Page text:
The government has stepped into the ongoing scramble for water sources within the Burka Coffee estate area by ordering the Pangani River Basin management to join hands with the Arusha City Council as well as the Regional Lands Department to re-survey the controversial area.
"It is also important to ensure that, when conducting fresh mapping, all the surrounding residents are involved in order to clear any shadow of doubt and allay future conflicts," directed the Minister of State, in the Prime Minister's Office, in charge of the Environment, Dr Binilith Mahenge last week.
Dr Mahenge who had visited the Burka Coffee estates in the outskirts of Arusha City, said the government was not happy with the ongoing scramble for the protected water sources within the farms especially where it may lead to breach of peace.
The Minister also instructed the Pangani Water Basin management to fence-off all the natural water springs and streams within the Burka Coffee Estates so as to protect them from pollution, vandalism and other sources of forms of human invasions because they are highly being depended upon by millions of people in Burka and Olasiti sections of Arusha and elsewhere.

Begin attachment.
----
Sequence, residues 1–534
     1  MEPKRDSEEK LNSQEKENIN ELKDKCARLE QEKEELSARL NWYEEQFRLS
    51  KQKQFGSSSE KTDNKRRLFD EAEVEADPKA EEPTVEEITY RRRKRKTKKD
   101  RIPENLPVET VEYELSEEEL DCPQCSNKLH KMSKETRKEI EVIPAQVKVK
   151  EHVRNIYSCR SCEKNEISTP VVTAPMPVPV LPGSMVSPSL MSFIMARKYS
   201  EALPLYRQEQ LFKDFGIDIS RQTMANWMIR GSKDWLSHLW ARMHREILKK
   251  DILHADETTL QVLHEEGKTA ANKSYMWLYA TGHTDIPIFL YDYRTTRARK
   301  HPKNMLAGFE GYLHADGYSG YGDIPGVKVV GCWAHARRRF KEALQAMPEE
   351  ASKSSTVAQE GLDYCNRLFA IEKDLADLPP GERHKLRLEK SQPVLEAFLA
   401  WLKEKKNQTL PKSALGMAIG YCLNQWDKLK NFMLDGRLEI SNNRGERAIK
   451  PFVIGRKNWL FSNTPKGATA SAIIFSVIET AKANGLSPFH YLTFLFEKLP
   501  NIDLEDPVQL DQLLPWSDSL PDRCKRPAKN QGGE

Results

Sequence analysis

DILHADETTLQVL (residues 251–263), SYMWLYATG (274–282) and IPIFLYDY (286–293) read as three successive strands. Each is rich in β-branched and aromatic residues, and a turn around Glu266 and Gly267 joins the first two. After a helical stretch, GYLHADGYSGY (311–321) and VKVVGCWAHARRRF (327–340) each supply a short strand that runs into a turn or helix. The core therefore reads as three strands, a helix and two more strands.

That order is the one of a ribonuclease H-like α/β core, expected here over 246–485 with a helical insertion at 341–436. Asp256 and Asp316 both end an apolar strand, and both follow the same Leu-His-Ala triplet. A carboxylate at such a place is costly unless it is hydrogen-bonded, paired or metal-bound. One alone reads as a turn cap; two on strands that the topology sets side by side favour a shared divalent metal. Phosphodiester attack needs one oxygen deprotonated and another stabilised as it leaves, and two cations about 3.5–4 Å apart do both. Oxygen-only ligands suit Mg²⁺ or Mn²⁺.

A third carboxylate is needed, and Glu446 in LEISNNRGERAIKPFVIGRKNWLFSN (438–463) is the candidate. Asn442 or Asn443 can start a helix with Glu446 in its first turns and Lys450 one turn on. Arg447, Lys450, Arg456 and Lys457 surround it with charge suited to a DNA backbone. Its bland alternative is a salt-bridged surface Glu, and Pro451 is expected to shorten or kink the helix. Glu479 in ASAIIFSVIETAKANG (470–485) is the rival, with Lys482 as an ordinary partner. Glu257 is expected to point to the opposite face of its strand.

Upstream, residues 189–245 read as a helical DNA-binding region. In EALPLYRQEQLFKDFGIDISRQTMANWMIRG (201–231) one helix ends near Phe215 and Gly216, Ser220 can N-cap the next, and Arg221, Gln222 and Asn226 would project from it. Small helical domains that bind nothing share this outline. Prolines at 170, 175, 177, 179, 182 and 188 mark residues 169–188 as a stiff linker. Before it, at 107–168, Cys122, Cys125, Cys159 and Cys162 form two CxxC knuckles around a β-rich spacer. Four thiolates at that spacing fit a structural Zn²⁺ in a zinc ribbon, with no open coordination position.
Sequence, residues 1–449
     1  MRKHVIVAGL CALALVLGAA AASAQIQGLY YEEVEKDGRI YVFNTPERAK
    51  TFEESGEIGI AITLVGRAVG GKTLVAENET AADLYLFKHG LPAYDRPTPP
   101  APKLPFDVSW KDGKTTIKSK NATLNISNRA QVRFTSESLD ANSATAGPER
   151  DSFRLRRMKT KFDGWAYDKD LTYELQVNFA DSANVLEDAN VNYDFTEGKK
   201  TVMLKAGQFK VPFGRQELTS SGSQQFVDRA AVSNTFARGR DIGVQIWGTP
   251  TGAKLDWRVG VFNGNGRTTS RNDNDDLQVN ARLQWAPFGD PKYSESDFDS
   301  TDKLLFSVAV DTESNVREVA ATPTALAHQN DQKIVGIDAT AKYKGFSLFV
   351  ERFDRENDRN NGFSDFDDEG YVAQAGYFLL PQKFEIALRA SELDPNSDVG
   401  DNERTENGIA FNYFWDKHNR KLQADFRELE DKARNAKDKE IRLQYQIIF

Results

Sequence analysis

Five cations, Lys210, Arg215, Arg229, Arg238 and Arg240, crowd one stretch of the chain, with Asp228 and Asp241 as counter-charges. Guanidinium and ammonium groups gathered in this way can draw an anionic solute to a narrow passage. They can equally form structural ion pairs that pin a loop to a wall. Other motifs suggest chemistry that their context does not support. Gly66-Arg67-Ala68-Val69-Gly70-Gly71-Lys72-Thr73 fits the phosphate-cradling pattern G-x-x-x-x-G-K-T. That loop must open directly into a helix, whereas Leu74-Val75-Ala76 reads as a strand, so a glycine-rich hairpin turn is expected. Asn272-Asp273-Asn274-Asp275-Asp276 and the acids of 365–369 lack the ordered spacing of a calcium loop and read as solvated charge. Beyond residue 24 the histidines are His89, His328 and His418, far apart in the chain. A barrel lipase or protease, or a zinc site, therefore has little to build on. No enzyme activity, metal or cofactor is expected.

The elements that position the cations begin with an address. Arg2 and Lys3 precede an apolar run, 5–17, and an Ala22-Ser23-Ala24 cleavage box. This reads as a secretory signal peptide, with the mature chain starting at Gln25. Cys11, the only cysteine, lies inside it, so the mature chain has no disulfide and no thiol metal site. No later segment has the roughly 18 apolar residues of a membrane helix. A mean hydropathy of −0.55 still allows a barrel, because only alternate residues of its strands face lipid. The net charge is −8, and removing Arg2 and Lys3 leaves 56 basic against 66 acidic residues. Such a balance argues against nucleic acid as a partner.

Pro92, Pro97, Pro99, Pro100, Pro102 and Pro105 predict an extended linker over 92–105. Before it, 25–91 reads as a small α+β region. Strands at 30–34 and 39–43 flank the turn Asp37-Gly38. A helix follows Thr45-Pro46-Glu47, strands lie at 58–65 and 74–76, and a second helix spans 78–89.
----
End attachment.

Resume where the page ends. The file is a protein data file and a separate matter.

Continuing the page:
The Manager for Pangani River Basin, Mr Joel Lao, raised alarm that there was a big possibility of the water catchment in Burka to totally disappear in ten years' time, as human settlements continue to inch closer to the once preserved area contrary to the previous plans related to conservation.
Farm in-charge, Mr Hamza Kassim said the Burka Coffee Estates were officially given the responsibility to control and protect the water sources in the area in 2006 when also special pipes were installed to help channel the water for irrigation and people's use.
"At least 500 people from Olasiti, Burka and Mateves come to draw water directly here and during drought when the amount decreases conflicts arise and sometimes people flock here destroying the environment in the process," he said.
The farm manager added that the residents draw water free-of-charge even though the Estate Management is compelled to pay for it and the lack of water meters to gauge the consumption it gets difficult to tell how much
water flows into villagers' containers on daily basis.
He added that during drought spell, when the water becomes scarce, the residents usually turn wild, threatening to attack the farm management thinking they are deliberately stopping the water flow.